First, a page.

We published that in May. It's the first step and we had a blast putting it together. We had some fantastic conversations with city departments, general managers and staff on figuring out, for example, how many protected left hand turns there are. How many empty tree wells are there? 200,000. How many lights are out on the street lights? The city doesn’t currently know. We had 115 different assets that we created an inventory for.

Now, we're doing research on standardized costs. For instance, how much does it cost to get a traffic signal? How much is an access ramp? How much does it cost to plant tree, and fund its needed  maintenance? Our goal is to build a model Capital Infrastructure Plan. To build it, the first step is knowing what is in the city’s public right-of-way now, what is needed and what are some costs to help inform this effort.  

Do you attend the City Council Budget Committee meetings leading up to the budget? Is there something of relevance that happens at those public sessions?

Yes. My favorite thing is hearing the general managers in their opening statements on what their vision is. The rest is hard to follow.The committee conversations don’t often include talking about visions or projects or programs; the hearings tend to be mostly focused on full time staff budget requests.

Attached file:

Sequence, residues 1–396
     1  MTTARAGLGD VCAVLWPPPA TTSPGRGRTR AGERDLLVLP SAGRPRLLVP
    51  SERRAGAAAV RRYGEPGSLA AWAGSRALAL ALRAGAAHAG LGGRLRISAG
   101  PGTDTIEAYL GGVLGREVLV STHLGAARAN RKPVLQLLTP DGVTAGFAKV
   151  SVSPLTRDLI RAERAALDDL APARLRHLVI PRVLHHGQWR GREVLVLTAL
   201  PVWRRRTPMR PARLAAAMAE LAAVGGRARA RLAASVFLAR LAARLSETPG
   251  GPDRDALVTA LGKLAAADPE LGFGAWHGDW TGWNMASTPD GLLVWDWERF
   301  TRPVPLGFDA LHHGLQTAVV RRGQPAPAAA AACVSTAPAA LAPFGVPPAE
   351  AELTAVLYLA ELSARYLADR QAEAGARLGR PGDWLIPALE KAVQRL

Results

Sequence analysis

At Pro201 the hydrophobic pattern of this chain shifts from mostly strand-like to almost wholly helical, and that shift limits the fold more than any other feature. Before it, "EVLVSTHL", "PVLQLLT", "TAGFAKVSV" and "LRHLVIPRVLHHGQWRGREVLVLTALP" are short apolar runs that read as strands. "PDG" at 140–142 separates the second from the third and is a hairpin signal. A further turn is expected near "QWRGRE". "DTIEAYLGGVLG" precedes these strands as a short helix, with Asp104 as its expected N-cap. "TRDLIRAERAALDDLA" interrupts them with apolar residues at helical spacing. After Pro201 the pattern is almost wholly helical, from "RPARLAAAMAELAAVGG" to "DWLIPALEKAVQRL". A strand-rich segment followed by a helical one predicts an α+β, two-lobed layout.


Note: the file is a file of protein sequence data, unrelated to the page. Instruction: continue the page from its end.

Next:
I’ve learned the hard way that if you're starting your advocacy at the budget hearings in May, you're too late. In September, so right about now, the mayor will send a letter requesting that the departments and the bureaus send their budgets to the CAO’s office by mid-November. Budget advocacy ideally begins before the mayor sends that letter.

There’s also no template for how departments send their budget request memos. It can be as long or short as you want. Everybody does it their own way and then it's the job of the CAO’s team to go through that in December and January.

If you were to lose your sanity and run for public office, what would be your plan to get votes?

My platform would be, “The city works for you.” I believe we have brilliant people here in the City of Los Angeles. There are people who can figure this out if we create the space for conversation and the implementation plan to do it.

How do we create a city that provides public spaces for people with kids? How can we have trees, safe crosswalks, public parks, and public services so people can live their own lives and not worry about it?


© 2024 The Planning Report | David Abel, Publisher, ABL, Inc.